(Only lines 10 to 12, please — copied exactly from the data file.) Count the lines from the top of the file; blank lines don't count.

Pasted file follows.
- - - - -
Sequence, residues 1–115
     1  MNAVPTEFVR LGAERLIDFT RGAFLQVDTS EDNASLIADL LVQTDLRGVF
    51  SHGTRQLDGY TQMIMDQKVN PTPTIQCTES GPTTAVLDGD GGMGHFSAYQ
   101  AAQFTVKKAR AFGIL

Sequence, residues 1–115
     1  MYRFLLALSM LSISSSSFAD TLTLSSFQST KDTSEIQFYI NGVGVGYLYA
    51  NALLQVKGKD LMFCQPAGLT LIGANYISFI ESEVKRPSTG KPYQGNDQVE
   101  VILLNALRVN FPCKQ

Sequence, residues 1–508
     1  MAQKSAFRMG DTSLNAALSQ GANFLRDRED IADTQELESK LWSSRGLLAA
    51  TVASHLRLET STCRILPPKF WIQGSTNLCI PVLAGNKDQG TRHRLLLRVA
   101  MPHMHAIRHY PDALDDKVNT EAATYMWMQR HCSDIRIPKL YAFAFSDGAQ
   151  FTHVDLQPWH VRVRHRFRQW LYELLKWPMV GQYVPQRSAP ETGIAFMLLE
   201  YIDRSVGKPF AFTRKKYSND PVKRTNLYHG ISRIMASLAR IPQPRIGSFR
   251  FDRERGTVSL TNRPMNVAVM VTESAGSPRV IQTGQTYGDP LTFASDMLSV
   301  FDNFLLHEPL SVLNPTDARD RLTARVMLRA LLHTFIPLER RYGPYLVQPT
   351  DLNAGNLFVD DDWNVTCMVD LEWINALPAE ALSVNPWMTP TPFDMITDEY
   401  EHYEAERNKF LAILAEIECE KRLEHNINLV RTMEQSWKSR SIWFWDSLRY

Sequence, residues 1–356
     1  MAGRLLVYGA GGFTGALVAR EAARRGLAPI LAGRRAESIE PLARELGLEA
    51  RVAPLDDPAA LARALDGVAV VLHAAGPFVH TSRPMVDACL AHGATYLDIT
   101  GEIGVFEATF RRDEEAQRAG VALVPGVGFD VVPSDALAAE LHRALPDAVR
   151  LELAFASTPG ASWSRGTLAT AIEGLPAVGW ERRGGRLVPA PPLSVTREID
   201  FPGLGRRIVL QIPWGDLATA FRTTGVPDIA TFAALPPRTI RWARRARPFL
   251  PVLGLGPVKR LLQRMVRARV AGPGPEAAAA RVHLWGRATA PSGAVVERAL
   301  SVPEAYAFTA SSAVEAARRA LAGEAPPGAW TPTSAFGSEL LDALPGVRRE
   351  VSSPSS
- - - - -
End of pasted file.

     1  MAQKSAFRMG DTSLNAALSQ GANFLRDRED IADTQELESK LWSSRGLLAA
    51  TVASHLRLET STCRILPPKF WIQGSTNLCI PVLAGNKDQG TRHRLLLRVA
   101  MPHMHAIRHY PDALDDKVNT EAATYMWMQR HCSDIRIPKL YAFAFSDGAQ